This speech isn’t epideictic as the first two. In President Obama’s last speech regarding the Sandy Hook shooting, his purpose was simply to inform Americans on future plans his office will be taking in regards to the rising gun violence of the United States. He wants to propose a means to reduce the gun violence and prevent tragedies from happening again. He’s using all his power to keep guns out of the hands of dangerous people. He’s specifically targeting the American gun owners and potential gun owners. He’s letting them know about what protocol will be taken in regards to owing and purchasing a gun. His immediate audience is the press. President Obama held this speech on the 19th of December at the White House in the James S. Brady Briefing Room. The technological context was that this was a press conference aired on television and through the web. He used logos by primarily telling us that the vice president, Joe Biden, will be leading the effort because he wrote the 1994 Crime Bill that helped law enforcement bring down the rate of violent crime in the country.

He also went on to give examples of how majority of Americans are supporting the banning of the sale of high capacity ammunition clips, military style assault weapons, and enforcing laws requiring background checks before all gun purchases. He also stated the differences in how people use guns, whether it is for hunting, sport shooting, collection, or protection. . Then, President Obama gave a few examples of how after the shooting, gun violence was still on the rise. He stated how since the Friday morning after the massacre a police officer was gunned down in Memphis, leaving four children without a mother. Also, a woman was shot and killed inside a Vegas casino. Additionally, three people were killed in an Alabama hospital. Lastly, a four year old was caught in a drive by. President Obama didn’t use much pathos in this speech because his mood changed from grieving to irate. However, in the beginning of the speech, President Obama reiterated the tragedy by describing it as “heartbreaking.”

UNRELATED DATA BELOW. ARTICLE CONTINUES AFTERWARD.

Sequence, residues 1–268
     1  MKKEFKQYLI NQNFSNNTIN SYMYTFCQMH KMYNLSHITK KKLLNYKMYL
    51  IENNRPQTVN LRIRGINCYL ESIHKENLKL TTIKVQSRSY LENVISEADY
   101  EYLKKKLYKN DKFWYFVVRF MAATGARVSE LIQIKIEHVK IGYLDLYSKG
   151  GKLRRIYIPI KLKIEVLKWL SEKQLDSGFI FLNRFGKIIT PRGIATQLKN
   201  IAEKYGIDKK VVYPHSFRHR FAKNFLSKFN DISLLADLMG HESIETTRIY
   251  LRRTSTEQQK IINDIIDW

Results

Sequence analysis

The ethos President Obama used was the White House sign behind him, his flag pin, and the presidential seal on his podium. He also had Vice President Joe Biden standing beside him, reminding us that he, President Obama, is president. The purpose, audience, and context in the three speeches vary. The purpose of speech one and two are slightly similar. In the first speech, the purpose was to inform, as well as comfort Americans from the tragedy that transpired only a few hours before. In the second speech, his purpose was to pray for the families of the killing, and also remind them that as a nation we are all grieving. However, the purpose of the third speech was to inform the United States of the future procedures that will be enacted towards gun violence.

The audiences of the speeches are different. In the first speech, Obama was addressing all Americans, whereas in the second speech, he was addressing the community of Newtown, specifically the families of the shooting. In his third speech, President Obama’s audiences were the American gun owners, as well as the potential gun owners. The contexts of all three speeches were pretty different. Obama gave the first speech in the White House press room a few hours after the shooting. Two days later, he was in Newtown at the local high school, just a few miles away from the original shooting. Three days later, on the 19th, President Obama was back in the White House in the James S. Brady Press Briefing Room. In conclusion, ethos, logos, and pathos are used in rhetoric analysis that can help writers make their argument appeal to readers. President Obama did just that in his three speeches to appeal to his audiences.

Free Analysis of Pres. Obama’s Speeches Essay Sample

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  • University/College: University of Arkansas System

  • Type of paper: Thesis/Dissertation Chapter

  • Date: 13 February 2017